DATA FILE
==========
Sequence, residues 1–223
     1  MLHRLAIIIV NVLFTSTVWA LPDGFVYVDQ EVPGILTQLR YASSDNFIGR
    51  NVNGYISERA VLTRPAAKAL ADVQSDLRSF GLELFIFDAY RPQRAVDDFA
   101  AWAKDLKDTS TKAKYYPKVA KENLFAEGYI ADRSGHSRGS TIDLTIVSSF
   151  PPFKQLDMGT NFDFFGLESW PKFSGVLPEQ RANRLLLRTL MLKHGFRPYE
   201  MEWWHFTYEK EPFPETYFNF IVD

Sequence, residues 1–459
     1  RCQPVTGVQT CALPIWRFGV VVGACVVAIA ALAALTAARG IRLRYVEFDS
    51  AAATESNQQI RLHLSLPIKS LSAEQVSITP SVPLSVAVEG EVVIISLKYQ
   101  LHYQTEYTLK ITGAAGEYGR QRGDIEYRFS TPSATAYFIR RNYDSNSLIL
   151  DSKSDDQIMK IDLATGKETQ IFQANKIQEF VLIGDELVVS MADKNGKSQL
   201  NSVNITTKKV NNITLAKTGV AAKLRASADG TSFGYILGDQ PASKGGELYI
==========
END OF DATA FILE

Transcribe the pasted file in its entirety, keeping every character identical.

Sequence, residues 1–223
     1  MLHRLAIIIV NVLFTSTVWA LPDGFVYVDQ EVPGILTQLR YASSDNFIGR
    51  NVNGYISERA VLTRPAAKAL ADVQSDLRSF GLELFIFDAY RPQRAVDDFA
   101  AWAKDLKDTS TKAKYYPKVA KENLFAEGYI ADRSGHSRGS TIDLTIVSSF
   151  PPFKQLDMGT NFDFFGLESW PKFSGVLPEQ RANRLLLRTL MLKHGFRPYE
   201  MEWWHFTYEK EPFPETYFNF IVD

Sequence, residues 1–459
     1  RCQPVTGVQT CALPIWRFGV VVGACVVAIA ALAALTAARG IRLRYVEFDS
    51  AAATESNQQI RLHLSLPIKS LSAEQVSITP SVPLSVAVEG EVVIISLKYQ
   101  LHYQTEYTLK ITGAAGEYGR QRGDIEYRFS TPSATAYFIR RNYDSNSLIL
   151  DSKSDDQIMK IDLATGKETQ IFQANKIQEF VLIGDELVVS MADKNGKSQL
   201  NSVNITTKKV NNITLAKTGV AAKLRASADG TSFGYILGDQ PASKGGELYI